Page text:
The Promise of Brain Circulation in the ASEAN Economic Community


The ASEAN goal of encouraging intraregional mobility must be understood in the context of changing population dynamics, rising educational levels and aspirations, and increasingly dynamic — if complex — economic forces. These so-called ‘megaforces’ are poised to transform the supply, demand, and mobility of skilled professionals across ASEAN.

Diverging Demographics

ASEAN represents a demographically diverse region. Some countries, such as Brunei Darussalam, Singapore, and Thailand, are projected to see their labour forces age and decline, resulting in a growing elderly population and a narrowing worker pipeline. By contrast, Cambodia, Indonesia, the Lao People’s Democratic Republic (Lao PDR), and the Philippines might continue to see their labour forces grow over the next couple of decades. Taken together, these complementary pressures are likely to encourage people of working age — including the highly educated — to move within the region.

Rising Educational Levels and Aspirations

The changing skill and education levels of the population in the region will also affect the size and composition of migrant flows. In the past few decades, all ASEAN countries have made large investments in secondary and tertiary education. Larger cohorts of ASEAN citizens with a vocational or college education mean a greater pool of skilled workers who are likely to migrate, given the right incentives. In addition, more students from ASEAN countries are seeking an international education. Unlike in the past, when a lack of education opportunities at home drew many to Organisation for Economic Co-operation and Development (OECD) countries, the educational aspirations of the new generation of students can be met regionally.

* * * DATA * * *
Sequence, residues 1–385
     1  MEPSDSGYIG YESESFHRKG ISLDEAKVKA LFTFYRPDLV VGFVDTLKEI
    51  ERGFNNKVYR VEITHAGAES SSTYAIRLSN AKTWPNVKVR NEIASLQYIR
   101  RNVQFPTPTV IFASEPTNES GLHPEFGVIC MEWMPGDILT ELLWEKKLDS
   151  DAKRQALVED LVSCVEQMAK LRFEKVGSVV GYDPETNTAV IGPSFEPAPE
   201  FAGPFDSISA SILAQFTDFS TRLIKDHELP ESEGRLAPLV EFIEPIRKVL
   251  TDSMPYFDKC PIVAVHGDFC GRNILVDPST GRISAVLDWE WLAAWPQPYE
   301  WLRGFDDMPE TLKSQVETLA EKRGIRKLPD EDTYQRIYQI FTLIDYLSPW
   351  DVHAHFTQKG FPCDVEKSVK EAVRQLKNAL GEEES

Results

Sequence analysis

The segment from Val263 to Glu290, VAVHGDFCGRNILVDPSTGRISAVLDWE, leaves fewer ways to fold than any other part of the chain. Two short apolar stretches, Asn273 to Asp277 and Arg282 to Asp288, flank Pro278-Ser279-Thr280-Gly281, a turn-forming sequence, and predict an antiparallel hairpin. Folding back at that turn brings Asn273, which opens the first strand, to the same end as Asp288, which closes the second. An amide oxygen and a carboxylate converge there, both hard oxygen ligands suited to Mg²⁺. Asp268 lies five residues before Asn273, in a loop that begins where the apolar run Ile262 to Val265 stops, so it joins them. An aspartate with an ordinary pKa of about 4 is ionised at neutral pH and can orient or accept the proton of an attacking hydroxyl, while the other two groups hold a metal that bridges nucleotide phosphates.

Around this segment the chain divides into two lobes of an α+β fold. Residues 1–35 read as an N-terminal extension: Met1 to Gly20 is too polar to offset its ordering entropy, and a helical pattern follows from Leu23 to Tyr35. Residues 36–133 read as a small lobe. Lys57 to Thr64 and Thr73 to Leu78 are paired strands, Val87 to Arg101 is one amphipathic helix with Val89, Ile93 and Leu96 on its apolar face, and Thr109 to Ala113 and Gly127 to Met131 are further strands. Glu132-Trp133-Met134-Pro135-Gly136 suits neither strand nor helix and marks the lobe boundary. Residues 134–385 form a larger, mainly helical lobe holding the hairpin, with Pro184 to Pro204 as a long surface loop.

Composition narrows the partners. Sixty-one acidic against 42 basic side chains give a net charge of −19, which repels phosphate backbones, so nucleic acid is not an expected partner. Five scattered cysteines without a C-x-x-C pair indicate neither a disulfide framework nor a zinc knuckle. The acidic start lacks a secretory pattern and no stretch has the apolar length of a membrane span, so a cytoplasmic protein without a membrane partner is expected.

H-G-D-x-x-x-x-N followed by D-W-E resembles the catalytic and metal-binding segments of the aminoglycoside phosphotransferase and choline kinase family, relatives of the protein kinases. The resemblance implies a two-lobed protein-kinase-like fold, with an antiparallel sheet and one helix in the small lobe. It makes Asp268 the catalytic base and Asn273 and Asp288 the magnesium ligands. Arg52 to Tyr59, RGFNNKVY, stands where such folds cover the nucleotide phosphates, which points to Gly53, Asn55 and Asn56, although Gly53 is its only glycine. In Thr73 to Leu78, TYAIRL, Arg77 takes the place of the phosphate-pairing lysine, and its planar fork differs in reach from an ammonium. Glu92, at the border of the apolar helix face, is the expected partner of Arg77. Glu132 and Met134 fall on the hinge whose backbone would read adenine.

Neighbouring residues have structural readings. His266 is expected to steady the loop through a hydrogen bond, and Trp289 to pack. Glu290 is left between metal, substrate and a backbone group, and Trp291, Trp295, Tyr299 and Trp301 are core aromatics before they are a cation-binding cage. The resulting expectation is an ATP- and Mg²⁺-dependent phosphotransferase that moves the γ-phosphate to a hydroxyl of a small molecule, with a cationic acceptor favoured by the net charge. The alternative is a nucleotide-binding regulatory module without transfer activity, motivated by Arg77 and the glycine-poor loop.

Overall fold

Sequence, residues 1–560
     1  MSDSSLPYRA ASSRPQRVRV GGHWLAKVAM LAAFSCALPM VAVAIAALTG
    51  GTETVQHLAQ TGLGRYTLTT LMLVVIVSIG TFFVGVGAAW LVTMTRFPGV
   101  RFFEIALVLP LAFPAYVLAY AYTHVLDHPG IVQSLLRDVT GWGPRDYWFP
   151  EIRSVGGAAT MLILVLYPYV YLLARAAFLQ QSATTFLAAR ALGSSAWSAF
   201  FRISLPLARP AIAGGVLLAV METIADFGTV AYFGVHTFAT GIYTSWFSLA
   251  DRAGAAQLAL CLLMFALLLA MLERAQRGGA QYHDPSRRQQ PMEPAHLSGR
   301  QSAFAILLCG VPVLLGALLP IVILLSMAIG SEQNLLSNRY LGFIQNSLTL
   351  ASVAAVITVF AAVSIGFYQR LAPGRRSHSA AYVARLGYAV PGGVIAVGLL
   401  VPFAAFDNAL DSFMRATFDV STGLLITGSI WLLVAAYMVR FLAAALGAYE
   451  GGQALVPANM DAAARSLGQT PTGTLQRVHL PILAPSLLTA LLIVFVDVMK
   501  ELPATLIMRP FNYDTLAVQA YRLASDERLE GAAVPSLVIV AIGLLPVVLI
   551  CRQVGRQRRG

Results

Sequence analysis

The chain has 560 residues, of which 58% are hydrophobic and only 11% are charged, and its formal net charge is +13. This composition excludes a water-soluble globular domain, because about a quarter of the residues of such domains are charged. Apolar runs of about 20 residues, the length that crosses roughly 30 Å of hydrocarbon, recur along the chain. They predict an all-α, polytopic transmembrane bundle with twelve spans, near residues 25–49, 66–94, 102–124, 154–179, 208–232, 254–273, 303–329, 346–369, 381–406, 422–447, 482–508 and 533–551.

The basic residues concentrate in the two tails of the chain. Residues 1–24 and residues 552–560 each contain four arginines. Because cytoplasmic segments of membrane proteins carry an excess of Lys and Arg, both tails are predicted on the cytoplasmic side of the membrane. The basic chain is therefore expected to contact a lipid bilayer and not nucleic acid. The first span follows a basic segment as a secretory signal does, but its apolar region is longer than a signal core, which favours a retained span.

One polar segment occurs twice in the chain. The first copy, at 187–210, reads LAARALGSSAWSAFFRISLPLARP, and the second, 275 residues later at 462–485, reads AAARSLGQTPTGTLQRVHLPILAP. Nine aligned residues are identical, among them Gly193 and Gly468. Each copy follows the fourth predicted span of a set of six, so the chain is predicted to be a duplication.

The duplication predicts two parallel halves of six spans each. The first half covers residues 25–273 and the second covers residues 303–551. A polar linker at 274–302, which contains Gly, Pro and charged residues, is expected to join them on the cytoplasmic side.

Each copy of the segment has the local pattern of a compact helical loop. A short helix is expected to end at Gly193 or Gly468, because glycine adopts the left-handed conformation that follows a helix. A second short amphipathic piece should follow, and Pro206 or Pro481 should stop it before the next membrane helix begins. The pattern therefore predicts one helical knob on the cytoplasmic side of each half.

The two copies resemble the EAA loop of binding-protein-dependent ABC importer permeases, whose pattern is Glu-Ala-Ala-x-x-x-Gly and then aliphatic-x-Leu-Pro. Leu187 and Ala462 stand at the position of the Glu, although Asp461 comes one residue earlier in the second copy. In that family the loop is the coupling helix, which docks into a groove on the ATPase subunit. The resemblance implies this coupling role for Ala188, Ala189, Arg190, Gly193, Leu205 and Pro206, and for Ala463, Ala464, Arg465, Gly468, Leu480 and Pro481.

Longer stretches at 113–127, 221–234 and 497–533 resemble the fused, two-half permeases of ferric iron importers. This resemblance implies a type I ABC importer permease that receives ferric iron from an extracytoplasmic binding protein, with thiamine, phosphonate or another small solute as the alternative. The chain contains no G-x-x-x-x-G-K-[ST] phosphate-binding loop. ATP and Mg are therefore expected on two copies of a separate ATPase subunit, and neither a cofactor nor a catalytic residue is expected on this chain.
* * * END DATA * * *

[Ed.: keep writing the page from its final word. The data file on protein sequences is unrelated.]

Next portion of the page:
Continuing Economic Disparities and Opportunities

Wide variation in economic opportunities in the region has been and will remain the key driving force for migration across the skills continuum. The 2007–2013 Gallup World Poll highlights two important observations about the mobility aspirations of skilled persons worldwide: they are almost twice as likely to intend to emigrate (19%) than those in low-skilled occupations (10%), and they are more likely to have the means to do so. As rapid economic growth increases regional demand for the highly skilled, ASEAN Member States need to commit the necessary capital and policy investments to attracting and retaining ever-larger shares of well-qualified workers in the region.

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